According to the Centers for Disease Control and Prevention (CDC), nearly 4.5 million people are bitten by dogs each year. Of those that require medical treatment, about half of them are children.
Not only are people injured in dog bite attacks, people are also injured by dogs in non-bite attacks. A common example of a non-bite accident is as follows: a jogger is running, and a dog escapes from his yard and chases the jogger. In an attempt to get away from the dog, the jogger runs faster and trips. As a result, he fractures his ankle. Though the dog does not actually bite the jogger, the jogger is injured because he was trying to get away from the dog.
What are the victims' legal rights after non-bite dog attack cases? Each state has its own law, and this article will address the dog attack/bite law in New Jersey.
In New Jersey, dog attack victims may be confused when it comes to interpreting the law pertaining to non-bite dog attacks. Two terms are often used in non-bite dog attack cases in New Jersey: strict liability and absolute liability. What is the difference between these 2 terms?
Strict Liability Standard
It has long been established that New Jersey's dog bite statute imposes strict liability on the dog owner for injuries caused by their dog in a dog attack. Therefore, if a dog bites or attacks a victim, the owner is liable for the victim's injuries even if the dog never attacked before.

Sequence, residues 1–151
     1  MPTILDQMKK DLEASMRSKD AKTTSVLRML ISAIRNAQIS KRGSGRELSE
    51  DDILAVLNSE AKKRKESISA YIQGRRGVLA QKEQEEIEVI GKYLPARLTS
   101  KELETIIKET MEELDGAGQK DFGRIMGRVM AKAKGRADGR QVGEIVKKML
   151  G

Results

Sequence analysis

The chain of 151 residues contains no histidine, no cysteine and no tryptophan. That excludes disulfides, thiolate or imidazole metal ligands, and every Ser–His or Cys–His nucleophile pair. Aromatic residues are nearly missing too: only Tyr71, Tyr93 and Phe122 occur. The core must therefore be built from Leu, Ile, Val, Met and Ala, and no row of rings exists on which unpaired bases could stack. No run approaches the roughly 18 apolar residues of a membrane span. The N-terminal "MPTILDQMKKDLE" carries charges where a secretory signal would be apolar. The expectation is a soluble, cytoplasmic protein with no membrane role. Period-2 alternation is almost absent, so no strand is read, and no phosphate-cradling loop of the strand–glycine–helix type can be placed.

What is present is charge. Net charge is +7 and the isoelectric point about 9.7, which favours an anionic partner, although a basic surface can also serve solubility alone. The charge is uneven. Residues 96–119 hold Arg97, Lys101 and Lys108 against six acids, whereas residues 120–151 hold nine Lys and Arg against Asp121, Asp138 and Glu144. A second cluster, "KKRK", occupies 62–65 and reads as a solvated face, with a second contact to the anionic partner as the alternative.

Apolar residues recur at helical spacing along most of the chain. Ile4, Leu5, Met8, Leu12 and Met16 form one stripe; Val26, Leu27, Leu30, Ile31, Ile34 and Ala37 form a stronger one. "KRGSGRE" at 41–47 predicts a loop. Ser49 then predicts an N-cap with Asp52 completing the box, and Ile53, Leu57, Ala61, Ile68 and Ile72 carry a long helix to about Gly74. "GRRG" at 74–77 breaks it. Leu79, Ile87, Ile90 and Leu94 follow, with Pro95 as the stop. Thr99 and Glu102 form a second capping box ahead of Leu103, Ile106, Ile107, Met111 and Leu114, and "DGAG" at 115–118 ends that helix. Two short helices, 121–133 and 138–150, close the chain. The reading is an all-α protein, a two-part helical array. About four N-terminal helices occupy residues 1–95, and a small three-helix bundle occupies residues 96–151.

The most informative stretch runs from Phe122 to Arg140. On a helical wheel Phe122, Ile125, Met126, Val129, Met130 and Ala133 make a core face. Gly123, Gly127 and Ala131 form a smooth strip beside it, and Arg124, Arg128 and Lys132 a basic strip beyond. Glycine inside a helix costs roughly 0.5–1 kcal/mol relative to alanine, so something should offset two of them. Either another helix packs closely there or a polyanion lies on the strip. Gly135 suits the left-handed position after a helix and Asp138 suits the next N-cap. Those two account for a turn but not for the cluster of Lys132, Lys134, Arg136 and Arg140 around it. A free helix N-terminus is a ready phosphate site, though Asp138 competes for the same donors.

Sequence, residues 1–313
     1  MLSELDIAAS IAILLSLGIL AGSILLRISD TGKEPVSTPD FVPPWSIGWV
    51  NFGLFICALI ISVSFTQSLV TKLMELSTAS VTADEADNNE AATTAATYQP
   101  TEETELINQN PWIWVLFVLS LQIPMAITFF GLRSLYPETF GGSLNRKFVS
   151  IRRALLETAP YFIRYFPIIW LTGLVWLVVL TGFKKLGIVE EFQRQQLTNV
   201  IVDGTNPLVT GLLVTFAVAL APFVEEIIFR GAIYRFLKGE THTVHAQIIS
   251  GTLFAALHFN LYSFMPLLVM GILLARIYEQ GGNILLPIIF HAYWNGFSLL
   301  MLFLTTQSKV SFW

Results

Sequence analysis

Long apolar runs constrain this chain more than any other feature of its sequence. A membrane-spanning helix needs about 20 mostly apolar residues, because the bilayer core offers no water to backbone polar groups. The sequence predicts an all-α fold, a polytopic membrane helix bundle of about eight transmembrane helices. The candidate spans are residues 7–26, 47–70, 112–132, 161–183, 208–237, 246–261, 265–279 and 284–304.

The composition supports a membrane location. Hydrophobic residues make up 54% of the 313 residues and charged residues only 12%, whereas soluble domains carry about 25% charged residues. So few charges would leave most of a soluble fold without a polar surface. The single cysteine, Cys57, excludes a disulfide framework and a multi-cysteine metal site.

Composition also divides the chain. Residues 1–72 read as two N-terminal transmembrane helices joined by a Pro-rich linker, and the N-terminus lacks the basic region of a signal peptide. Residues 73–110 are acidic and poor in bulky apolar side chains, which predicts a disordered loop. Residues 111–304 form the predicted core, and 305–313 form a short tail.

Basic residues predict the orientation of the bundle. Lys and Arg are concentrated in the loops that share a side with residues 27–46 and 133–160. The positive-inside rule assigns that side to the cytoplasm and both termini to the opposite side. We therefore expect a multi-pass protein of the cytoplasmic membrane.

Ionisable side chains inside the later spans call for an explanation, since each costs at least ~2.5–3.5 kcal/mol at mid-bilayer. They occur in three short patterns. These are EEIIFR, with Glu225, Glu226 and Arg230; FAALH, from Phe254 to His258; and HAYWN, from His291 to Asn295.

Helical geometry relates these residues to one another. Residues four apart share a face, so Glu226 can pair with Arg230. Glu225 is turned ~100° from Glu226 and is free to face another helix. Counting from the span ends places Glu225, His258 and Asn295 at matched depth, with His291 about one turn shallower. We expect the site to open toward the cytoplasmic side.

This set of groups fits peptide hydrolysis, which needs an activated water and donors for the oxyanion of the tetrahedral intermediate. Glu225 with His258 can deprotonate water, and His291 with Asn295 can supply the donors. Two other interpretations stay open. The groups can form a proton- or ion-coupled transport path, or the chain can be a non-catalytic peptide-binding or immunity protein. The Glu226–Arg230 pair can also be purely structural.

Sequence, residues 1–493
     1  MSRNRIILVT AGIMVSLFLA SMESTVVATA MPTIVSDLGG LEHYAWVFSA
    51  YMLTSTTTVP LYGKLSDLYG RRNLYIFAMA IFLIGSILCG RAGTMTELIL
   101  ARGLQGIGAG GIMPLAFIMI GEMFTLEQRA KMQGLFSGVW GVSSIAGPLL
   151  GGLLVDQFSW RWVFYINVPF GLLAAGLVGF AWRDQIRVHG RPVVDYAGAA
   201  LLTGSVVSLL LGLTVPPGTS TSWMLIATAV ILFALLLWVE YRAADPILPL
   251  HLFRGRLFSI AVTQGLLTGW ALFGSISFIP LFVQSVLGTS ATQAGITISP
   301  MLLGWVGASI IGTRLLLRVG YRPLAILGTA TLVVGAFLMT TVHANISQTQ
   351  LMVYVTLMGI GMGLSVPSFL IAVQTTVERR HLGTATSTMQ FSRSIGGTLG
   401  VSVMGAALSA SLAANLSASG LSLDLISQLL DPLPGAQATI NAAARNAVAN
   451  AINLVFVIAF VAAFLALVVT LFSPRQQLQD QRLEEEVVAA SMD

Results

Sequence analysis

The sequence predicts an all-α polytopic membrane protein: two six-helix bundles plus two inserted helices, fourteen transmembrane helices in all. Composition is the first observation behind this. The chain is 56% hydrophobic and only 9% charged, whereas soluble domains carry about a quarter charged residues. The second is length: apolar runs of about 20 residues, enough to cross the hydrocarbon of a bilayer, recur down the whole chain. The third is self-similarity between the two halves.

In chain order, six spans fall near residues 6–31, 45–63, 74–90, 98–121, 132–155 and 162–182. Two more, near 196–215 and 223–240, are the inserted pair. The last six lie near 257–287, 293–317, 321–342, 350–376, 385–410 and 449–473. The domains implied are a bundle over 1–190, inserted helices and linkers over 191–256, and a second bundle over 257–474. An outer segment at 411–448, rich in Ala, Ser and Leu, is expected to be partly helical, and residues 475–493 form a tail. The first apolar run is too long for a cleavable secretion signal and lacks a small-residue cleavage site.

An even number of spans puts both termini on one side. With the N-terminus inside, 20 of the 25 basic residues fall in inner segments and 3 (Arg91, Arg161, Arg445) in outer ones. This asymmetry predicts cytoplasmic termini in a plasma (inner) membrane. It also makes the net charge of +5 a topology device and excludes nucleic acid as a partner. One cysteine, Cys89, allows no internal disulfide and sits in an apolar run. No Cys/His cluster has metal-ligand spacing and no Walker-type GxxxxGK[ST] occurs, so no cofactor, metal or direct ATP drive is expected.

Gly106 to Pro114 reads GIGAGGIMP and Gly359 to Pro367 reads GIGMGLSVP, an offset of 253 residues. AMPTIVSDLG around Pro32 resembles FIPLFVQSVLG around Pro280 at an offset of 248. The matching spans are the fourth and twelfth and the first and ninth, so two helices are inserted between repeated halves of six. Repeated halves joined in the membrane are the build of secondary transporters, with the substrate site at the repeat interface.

In cases where the dog does not actually bite the victim, but the victim was injured, New Jersey imposes strict liability if the victim's injuries are caused by a vicious, playful or mischievous propensity of the dog if the dog owner had prior knowledge of the propensity. New Jersey courts refer to the owner's prior knowledge as "scienter."
The leading case establishing strict liability for non-bite injuries in New Jersey is Jannuzzelli v. Wilkins. In Jannuzzelli, the victim was a minor who was injured by his neighbor's dog. The dog scratched the minor but did not bite the minor.
The court held that the dog owners (defendants) were still strictly liable for the child's injuries even though the dog did not bite the child. Evidence established that the defendants knew that their dog had a propensity to jump on people in order to get people to pet him. The court held that since the dog owners knew of the dog's playful or mischievous propensity which ultimately led to the child's injury, the owners were strictly liable.
Even though Jannuzzelli was in 1978, it still remains the law today in New Jersey with regard to non-bite dog attack cases.
Click here to see part 2 of the article which discusses absolute liability.
To schedule a free consultation with Daniel J. O'Brien, an experienced NJ dog attack/bite lawyer, call 877.944.8396.